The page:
Aras Acolipeps

May 9, 2007 - Sanibel Island
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Broken

They brought me into
a broken world.
They told me to make
a better place.
But before I became
an adult,
they blamed me
for their broken world.
And they blamed me
for being broken.
But how am I meant
to not be broken?
For I was
born broken,
raised broken,
in a broken world,
by broken people,
to be broken.

If I was whole,
the broken people
would call me
broken
until I became so.
My world has been broken
since the beginning.
How am I supposed to fix
something that has always
been this way?
How can I make it
better
when I don’t know what better
looks like?
And now that I am broken,
they take my broken pieces
and make me piece myself
together,
like I am whole.
But I was
born broken,
raised broken,
in a broken world,
by broken people,
to be broken.

I have fulfilled my duty,
for I am broken the way they like.
But now it is time,
to attempt the futile,
to fix this broken world
and blame us broken children.
I am wet clay,
and they have shaped me
in the image of their god,
the vision of their future.
But my wet clay body
has dried out
under the sun of a yesterday
that I have since forgotten,
and now my bones have breaks,
my seams are screaming,
and my clay is cracked.
They call me the future,
but I see no sign of tomorrow.
Because I am broken,
and my parents are broken,
because their parents were broken,
and,
though I did not know them,
I’m sure their parents were broken too.
Because we were
born broken,
raised broken,
in a broken world,
by broken people,
to be broken.

And even so,
I did the work,
I do the work,
I’ll do the work.
But I break a little more
each day,
so the work isn’t quite
like it was before.
But even so,
I fixed the world,
I fix the world,
I’ll fix the world.
But I break a little more
each day,
so the world isn’t quite
like it was before.
Because I was
born broken,
raised broken,
in a broken world,
by broken people,
to be broken.

I wonder what
your world was like,
before it was broken
by you
and your father
and his father.
Were your skies blue?
Mine are gray,
an atmosphere burnt
by “progress” and space junk.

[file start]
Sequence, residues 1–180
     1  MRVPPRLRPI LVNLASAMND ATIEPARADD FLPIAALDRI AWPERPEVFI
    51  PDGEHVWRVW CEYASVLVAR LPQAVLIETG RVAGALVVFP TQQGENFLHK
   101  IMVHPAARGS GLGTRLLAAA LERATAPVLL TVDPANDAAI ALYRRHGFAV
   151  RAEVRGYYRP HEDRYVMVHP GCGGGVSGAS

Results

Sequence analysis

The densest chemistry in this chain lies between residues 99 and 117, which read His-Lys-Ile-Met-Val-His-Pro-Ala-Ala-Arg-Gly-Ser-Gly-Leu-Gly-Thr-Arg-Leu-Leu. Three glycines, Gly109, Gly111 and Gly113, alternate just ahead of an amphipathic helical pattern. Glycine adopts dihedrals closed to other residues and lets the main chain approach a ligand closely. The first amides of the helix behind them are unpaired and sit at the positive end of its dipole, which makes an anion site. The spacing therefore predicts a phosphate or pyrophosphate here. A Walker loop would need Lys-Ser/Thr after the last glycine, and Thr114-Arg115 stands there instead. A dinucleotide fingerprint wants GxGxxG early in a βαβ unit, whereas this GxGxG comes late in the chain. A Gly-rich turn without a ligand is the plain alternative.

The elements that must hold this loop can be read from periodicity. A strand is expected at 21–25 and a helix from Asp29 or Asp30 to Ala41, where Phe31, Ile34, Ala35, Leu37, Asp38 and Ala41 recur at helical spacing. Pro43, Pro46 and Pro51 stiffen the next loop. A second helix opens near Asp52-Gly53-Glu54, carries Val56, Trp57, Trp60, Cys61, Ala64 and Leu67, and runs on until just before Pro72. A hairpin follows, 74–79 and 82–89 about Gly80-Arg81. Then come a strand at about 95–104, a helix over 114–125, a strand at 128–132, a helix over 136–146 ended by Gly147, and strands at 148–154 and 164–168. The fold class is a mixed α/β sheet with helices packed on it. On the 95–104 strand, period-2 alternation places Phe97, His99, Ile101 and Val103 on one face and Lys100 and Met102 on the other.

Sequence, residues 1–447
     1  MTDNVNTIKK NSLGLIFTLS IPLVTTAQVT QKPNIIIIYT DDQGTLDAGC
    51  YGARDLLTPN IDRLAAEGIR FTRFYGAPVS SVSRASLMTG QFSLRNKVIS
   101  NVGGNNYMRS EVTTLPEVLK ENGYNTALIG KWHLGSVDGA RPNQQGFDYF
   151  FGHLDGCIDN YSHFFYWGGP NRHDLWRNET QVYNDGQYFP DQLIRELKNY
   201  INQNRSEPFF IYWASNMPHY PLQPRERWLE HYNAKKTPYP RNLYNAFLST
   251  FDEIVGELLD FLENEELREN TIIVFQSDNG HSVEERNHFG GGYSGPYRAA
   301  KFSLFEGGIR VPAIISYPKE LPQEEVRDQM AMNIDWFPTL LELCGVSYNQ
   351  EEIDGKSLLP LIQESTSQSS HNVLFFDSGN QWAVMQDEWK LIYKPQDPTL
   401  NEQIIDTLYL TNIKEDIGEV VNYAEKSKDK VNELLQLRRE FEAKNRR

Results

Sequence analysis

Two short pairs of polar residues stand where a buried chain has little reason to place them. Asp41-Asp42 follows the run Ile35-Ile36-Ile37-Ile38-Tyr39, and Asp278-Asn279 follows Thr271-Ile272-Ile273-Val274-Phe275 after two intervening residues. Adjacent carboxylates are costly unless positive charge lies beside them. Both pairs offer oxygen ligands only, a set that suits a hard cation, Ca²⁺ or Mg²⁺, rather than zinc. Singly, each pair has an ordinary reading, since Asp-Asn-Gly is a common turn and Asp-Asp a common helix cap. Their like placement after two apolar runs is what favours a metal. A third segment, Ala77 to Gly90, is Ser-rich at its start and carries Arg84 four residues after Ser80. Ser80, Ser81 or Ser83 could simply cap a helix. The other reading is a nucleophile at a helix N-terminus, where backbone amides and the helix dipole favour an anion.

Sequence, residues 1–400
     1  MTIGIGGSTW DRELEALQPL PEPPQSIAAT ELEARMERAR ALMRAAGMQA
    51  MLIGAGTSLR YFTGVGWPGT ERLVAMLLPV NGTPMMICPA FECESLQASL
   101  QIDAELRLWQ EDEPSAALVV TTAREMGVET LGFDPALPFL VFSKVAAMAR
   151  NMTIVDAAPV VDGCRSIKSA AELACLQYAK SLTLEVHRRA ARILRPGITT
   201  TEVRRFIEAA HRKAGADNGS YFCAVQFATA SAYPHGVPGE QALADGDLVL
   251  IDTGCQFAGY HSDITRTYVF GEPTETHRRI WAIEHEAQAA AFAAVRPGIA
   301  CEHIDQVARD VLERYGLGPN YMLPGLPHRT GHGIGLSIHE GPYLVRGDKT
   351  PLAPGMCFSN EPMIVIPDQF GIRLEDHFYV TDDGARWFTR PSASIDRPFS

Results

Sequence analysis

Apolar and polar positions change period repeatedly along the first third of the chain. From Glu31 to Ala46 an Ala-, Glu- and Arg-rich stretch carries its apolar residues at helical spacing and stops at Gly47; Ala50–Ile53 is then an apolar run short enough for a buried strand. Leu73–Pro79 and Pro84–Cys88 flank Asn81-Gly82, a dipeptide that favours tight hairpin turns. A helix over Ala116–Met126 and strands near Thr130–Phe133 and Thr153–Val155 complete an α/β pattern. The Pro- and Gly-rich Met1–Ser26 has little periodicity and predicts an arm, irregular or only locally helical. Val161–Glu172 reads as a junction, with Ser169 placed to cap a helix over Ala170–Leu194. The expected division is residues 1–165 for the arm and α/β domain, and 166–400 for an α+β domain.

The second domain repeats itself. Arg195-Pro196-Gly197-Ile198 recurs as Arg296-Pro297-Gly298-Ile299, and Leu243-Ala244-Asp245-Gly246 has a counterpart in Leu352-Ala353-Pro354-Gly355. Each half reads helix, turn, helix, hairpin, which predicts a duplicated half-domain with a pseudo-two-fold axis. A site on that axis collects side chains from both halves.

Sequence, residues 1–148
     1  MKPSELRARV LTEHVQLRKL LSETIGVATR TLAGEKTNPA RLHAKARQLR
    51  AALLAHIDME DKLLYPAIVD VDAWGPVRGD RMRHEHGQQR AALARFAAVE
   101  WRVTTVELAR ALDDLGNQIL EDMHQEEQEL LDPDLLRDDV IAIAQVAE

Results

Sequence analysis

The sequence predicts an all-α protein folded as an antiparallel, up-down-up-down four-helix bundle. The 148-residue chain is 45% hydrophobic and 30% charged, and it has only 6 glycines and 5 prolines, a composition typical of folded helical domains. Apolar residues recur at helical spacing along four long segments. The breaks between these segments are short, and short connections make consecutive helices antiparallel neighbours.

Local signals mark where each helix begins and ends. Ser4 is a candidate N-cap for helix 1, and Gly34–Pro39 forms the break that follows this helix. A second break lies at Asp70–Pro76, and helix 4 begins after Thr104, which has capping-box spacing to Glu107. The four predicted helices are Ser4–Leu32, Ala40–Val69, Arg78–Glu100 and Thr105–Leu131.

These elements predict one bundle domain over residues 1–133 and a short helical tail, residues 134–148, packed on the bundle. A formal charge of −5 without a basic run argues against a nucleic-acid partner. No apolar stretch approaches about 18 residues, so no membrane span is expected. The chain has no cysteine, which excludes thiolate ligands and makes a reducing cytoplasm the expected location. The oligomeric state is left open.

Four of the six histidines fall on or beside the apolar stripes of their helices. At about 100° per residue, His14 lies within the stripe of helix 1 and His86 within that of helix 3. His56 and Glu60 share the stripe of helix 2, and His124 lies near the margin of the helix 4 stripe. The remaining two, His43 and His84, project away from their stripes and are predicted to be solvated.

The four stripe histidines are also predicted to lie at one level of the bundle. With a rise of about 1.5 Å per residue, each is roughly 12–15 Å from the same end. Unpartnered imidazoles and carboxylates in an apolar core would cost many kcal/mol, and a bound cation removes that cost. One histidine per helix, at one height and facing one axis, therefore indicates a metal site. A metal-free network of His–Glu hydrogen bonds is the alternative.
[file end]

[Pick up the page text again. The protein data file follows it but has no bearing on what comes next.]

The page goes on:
Was your snow cold?
Mine is melted,
washed away with
the warmth of December.
Did your birds sing?
Mine are dead,
choked on lead,
poisoned like our children.
I don’t think I can make
a better world
where skies are blue,
where snow is cold,
where birds still sing,
because I was broken
from the start.
I was
born broken,
raised broken,
in a broken world,
by broken people,
to be broken.

I have forgotten,
the warmth of a sun
on my browned skin.
And the smell of
fresh rain
in the air,
soaking my clothes,
which plaster themselves
on my body.
The sound of a thunderclap,
one, two, three miles away.
A sky that was blue,
with hot Summer wind.
We don’t have seasons
in my broken world,
not anymore.
And I can’t remember
yesterday,
but I can feel it.
I can taste it.
When laughter rang in my ears,
and the air tasted sweet
with the smell of May flowers.
It was delicious.
My children will never know
the taste of the air,
the color of the sky,
the sound of thunder,
the smell of rain,
the feel of warmth.
Because they will be
born broken,
raised broken,
in a broken world,
by broken people,
to be broken.

But they brought us into the world,
my beautiful, boring, broken world,
and they told us to save it,
for they had burned the world down.
So they gave us the matches,
fed us kerosine,
and then fanned our flames.
And as this broken world
disappears,
I will disappear too.
And,
because I am broken,
I will cry like our children,
I will lie like our men,
I will die like our women.
For I break beautifully,
and who could resist such a sight?
And this world will rot until the green,
a color I know not,
takes hold.
And it will flourish.
It will be whole.
Unbroken.
And when that time comes,
I will not be broken,
because I will be one
with the green,
and I will not tremble
like I do today.
But now,
I am broken
because I was
born broken,
raised broken,
in a broken world,
by broken people,
to be broken.
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